Notice first of all how the Lord Jesus insists that …

I. Human achievements do not negate the need for a new birth (vv1-3)

As a whole, we as human beings like the idea of being impressive. We might boast of our accomplishments, drop names, pad our résumés, talk much about some things, remain totally silent about other things, all in an effort to impress others. I suppose it is our inclination to value “impressiveness” that leads us to think that we can impress God at times also. Now, if any human being could have ever impressed God with his résumé and accomplishments, Nicodemus is a likely candidate.

Nicodemus was a religious man. Not only was he a Jew, a member of the chosen nation which had been blessed by God for 2,000 years since Abraham, but he was also a Pharisee. Most of us have been trained by our reading of the New Testament to see that as strike against the man, but you have to understand that at one time in Israel, these men were viewed as the most holy and righteous of all people. They were an elite group. There were never more than six thousand of them at any given time.[3] To become a Pharisee, a man had to take a vow before three witnesses stating that he would devote his entire life to complete obedience to the law of God. They were biblically and theologically conservative, and held to strict literal interpretations of the law. In order to ensure that they kept the law in exact detail, they made numerous other rules and regulations to keep them from even getting close to violating the law. If you knew a Pharisee, you knew someone who was serious about religion, and who morally upstanding, at least in terms of the outer workings of his life. You could not easily point your finger at a Pharisee and accuse him of a sin.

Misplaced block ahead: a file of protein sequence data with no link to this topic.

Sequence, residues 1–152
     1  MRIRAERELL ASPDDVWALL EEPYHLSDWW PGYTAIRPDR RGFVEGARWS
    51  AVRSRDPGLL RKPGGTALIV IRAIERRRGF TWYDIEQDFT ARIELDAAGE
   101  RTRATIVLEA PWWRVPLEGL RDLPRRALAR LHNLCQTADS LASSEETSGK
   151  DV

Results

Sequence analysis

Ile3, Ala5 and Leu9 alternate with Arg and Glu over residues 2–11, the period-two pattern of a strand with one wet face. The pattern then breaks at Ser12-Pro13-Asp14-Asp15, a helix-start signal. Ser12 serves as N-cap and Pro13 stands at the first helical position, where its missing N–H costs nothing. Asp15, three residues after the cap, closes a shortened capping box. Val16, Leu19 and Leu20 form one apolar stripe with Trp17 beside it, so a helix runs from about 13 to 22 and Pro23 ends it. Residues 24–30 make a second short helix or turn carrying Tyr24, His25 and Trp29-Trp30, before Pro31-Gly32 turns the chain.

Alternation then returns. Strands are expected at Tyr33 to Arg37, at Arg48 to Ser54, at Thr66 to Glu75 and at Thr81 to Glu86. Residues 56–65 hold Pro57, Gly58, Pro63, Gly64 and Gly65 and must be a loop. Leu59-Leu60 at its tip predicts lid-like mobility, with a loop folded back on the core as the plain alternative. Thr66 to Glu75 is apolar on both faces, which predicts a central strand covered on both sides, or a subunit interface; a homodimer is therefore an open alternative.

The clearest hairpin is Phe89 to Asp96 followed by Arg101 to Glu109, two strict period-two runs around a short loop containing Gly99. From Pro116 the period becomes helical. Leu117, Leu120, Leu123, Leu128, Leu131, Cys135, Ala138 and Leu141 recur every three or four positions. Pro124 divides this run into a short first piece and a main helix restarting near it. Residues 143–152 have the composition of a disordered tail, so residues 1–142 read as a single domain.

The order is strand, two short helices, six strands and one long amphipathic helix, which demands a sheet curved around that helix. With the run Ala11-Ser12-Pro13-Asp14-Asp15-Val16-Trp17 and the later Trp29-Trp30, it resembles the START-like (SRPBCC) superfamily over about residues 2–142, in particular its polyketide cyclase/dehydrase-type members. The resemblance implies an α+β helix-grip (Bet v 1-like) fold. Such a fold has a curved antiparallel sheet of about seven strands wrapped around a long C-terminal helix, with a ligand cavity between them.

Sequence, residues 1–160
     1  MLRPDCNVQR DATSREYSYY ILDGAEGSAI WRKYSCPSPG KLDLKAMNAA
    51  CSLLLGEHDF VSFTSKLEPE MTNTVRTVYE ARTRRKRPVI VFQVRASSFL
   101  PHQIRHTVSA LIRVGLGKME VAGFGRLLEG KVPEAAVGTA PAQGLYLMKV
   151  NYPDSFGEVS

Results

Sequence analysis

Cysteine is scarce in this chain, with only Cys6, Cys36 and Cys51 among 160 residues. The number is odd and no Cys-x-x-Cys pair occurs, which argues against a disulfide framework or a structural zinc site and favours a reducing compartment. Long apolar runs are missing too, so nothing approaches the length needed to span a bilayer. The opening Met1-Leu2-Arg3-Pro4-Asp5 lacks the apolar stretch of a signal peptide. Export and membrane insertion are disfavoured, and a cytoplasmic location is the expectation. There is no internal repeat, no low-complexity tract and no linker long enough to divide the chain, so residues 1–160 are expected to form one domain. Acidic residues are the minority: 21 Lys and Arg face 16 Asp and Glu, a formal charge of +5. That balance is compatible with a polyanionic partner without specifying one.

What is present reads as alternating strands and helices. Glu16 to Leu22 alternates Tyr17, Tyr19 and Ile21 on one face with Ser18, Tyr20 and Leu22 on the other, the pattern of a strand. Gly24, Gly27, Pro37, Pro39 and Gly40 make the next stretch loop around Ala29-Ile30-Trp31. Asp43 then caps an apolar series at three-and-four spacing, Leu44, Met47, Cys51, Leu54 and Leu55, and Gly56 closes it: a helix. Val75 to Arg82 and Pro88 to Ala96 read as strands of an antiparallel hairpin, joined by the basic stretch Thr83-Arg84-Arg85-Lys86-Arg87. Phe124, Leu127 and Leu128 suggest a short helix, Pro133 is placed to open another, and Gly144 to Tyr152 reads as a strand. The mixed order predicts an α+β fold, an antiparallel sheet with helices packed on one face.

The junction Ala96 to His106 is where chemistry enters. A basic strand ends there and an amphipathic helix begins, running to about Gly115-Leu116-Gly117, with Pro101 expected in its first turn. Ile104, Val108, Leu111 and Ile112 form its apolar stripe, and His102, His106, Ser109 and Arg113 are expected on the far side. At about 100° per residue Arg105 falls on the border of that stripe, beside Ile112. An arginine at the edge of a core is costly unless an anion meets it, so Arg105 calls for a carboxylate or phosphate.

In addition to being a religious man, Nicodemus was also an intelligent man. Although a pious Jew, he had a Greek name. That was something of a rarity among Pharisees, and it indicates that his parents had likely prized Greek intellectualism and provided a well-rounded Greek education for him.  So intelligent was Nicodemus that he had become a teacher, in fact perhaps the preeminent teacher of his day. Jesus addresses him in verse 10 as “the teacher of Israel.” The first statement he makes to Jesus is about what he knows. And he seems to know a lot about Jesus. He knows He is a Rabbi, or a teacher. He knows He has come from God. He knows that He performs signs, and He knows that God is with Him.

He was religious, he was intelligent. And he was wealthy, too! Nothing is said about that here in John 3, but when we see Nicodemus in John 19, he has brought a “mixture of myrrh and aloes,” weighing about a hundred pounds for the purpose of anointing the body of Jesus after the crucifixion. Only a man of significant means could afford this.[4]

Not only was Nicodemus religious, intelligent, and wealthy, he was also powerful. Verse 1 tells us that he was “a ruler of the Jews.” This means that he was a member of the Sanhedrin, the highest legislative body in Israel. To put it in terms we can relate to, if you combined all the powers of the President, the Congress, and the Supreme Court in America, that is the kind of authority the Sanhedrin had in Israel. Of course, by this time, they operated under the overriding authority of Rome, but as Jewish politics go, he was on the top of the ladder. He has quite an impressive pedigree in the eyes of men. He’s rich, powerful, smart, and religious. But Jesus is not impressed.